Wednesday 20 November 2019

Kingdom crave real remedy of Croke Park win

Killarney 2012 hardly scratched the surface of Tyrone's dominance

Declan O’Sullivan and Brian Dooher battle for possession in the 2008 final
Declan O’Sullivan and Brian Dooher battle for possession in the 2008 final
Owen Mulligan swap jerseys after Kerry’s win in 2012
Colm Keys

Colm Keys

In his report to the 2012 Tyrone convention, the County Board secretary Dominic McCaughey touched on their senior team's visit to Killarney earlier that year, particularly the celebrations which followed that were, frankly, somewhat excessive for a qualifier of its nature.

Built up as a potential redemptive strike for the three Croke Park defeats they had suffered between 2003 and 2008, Kerry duly obliged with a 10-point win against a team that would subsequently shed Ryan McMenamin, Owen Mulligan and Brian McGuigan to bring a glorious era firmly to a close.


It was a game, McCaughey noted, that offered Kerry "the opportunity to exact revenge for defeats which many of its supporters and players had found it difficult to cope with".

Yet the final whistle was greeted "amazingly," he recorded, by "tears of joy by some players and wild scenes of jubilation among highly vociferous supporters".

It felt like a subtle nudge to Kerry for a bit of perspective and was not without some justification.

As Tomás ó Sé would acknowledge less than two years later, Killarney was "a moral victory, not the real thing" where Kerry had beaten a "skeleton" of the real Tyrone team.

If it offered some form of recompense for '03, '05 and '08, then they were short-changing themselves.

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The Tyrone bus had left to the acclaim of some 500 supporters who had congregated outside their dressing-room to offer some sense of solidarity with Mickey Harte, their first opportunity to do so since the tragic death of his daughter Michaela.

But within days some of the sores of old that may have closed with that well-received reception were throbbing again as McGuigan laid into two Kerry players, Declan O'Sullivan and Colm Cooper, in his 'Gaelic Life' column and suggested that O'Sullivan "smiled and sniggered" when he himself had been sent off for an incident with the former Kerry captain.

McGuigan went as far as to compare O'Sullivan's alleged reaction with Cristiano Ronaldo's wink when Wayne Rooney was sent off in a World Cup match in 2006.

They've played in league games since without incident, Tyrone have even rolled out 'tea and a biscuit' and a tour of their Garvaghey complex for visiting Kerry supporters ahead of their 2013 league meeting in Omagh and Kerry even subsequently set aside part of their next County Board meeting to stress how welcome they were made feel.

The edge between them has blunted somewhat even if the whiff of cordite has never been too far away from this new-age rivalry.

But sometimes it gets lost too easily in the billowing smoke that they have been responsible for two of the greatest All-Ireland finals in this or any era.

That might not be something Kerry would reconcile easily with - why do so many of the great finals yield Kerry defeats? - but, in this opinion, 2008 can rightly tender for best ever final, crystallised best by that passage of play that resulted in Brian Dooher's wonder score in the 24th minute.

Remember it? It had started about 90 seconds earlier at the Kerry end with Seán Cavanagh grasping an awkward ball above his head and making an angle for a shot for goal only to be smothered by O'Sullivan, not 13 metres out from his own goal.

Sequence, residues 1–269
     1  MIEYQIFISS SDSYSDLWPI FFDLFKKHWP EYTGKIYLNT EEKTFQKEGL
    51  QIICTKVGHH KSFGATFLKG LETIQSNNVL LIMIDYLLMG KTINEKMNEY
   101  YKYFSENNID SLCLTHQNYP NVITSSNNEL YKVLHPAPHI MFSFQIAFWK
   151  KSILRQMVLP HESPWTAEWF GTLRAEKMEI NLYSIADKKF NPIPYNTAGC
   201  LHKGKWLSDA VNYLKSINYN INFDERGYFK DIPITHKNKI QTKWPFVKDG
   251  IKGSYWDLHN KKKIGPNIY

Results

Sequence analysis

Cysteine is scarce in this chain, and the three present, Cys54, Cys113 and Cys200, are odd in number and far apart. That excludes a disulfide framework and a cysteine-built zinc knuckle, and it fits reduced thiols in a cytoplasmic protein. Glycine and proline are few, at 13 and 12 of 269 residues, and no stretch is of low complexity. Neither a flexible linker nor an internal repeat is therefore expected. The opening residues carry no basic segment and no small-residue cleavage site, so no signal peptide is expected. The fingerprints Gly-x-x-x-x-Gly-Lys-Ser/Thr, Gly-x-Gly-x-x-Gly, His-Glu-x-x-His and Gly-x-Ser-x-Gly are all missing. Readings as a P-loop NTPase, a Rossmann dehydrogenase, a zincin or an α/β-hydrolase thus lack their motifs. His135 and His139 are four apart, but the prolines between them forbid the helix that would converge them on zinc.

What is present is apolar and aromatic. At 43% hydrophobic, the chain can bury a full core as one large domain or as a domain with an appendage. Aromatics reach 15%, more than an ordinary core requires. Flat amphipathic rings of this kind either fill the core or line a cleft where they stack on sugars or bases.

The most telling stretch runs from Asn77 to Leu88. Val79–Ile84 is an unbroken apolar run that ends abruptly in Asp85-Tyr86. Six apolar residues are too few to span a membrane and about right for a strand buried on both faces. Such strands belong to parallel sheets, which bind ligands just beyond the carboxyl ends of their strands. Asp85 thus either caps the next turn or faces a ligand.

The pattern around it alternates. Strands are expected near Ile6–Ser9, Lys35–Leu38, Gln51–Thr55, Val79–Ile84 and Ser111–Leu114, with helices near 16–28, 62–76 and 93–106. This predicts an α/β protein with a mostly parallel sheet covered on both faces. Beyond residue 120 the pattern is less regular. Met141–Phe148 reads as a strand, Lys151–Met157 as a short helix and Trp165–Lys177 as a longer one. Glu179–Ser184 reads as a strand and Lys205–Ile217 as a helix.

Within seconds at the other end Tyrone goalkeeper Packie McConnell was forced to spread himself bravely and clinically to block a shot from Tommy Walsh after a most exquisite Colm Cooper pass over the cover before Dooher took off on his lung-busting run down the Cusack Stand side to float over on the run.

Harte would subsequently describe it as one of the greatest ever points scored in Croke Park.

"I'll look at that forever more," he declared.

The game had everything, level eight times, Cavanagh giving a masterclass by scoring five points, another great save by McConnell, this time from O'Sullivan, and even a few Kerry boxes were ticked.

They have rarely, if ever, played better in an All-Ireland final and lost while Cooper had spells where he was untouchable.

But in the end they were outgunned, Tyrone kicking the last five points over a 13-minute period to close it out.

And in truth they were even more dominant in the 2005 All-Ireland final, even if the eye injury picked up by Cooper, who was just beginning to motor when it happened, had a cloud of suspicion about it.

Elsewhere on these pages former Kerry boss Jack O'Connor reflects how the Tyrone team they met that day were "at their peak" and while acknowledging some value in the 2012 Killarney win senses that the difference in the challenge that a Tyrone team in Croke Park provides.

And that, in essence, provides the more compelling backdrop to this All-Ireland semi-final than any fallout or siege mentality Tyrone may be harbouring from the Monaghan match. It's what makes it even more intriguing.

Kerry have more survivors from their last Croke Park meeting seven years ago - Marc ó Sé, Aidan O'Mahony, Killian Young, Kieran Donaghy, Colm Cooper, Paul Galvin, Darran O'Sullivan and David Moran - by comparison to the quartet of the Cavanagh and McMahon brothers.

Killarney barely scratched the surface of the bank of dominance that Tyrone enjoyed throughout the 2000s, especially those victories where Kerry were forewarned, forearmed and defending an All-Ireland title.

And that's the uncomfortable truth that Kerry football still faces, regardless of the comfort of Killarney and two All-Ireland titles since.

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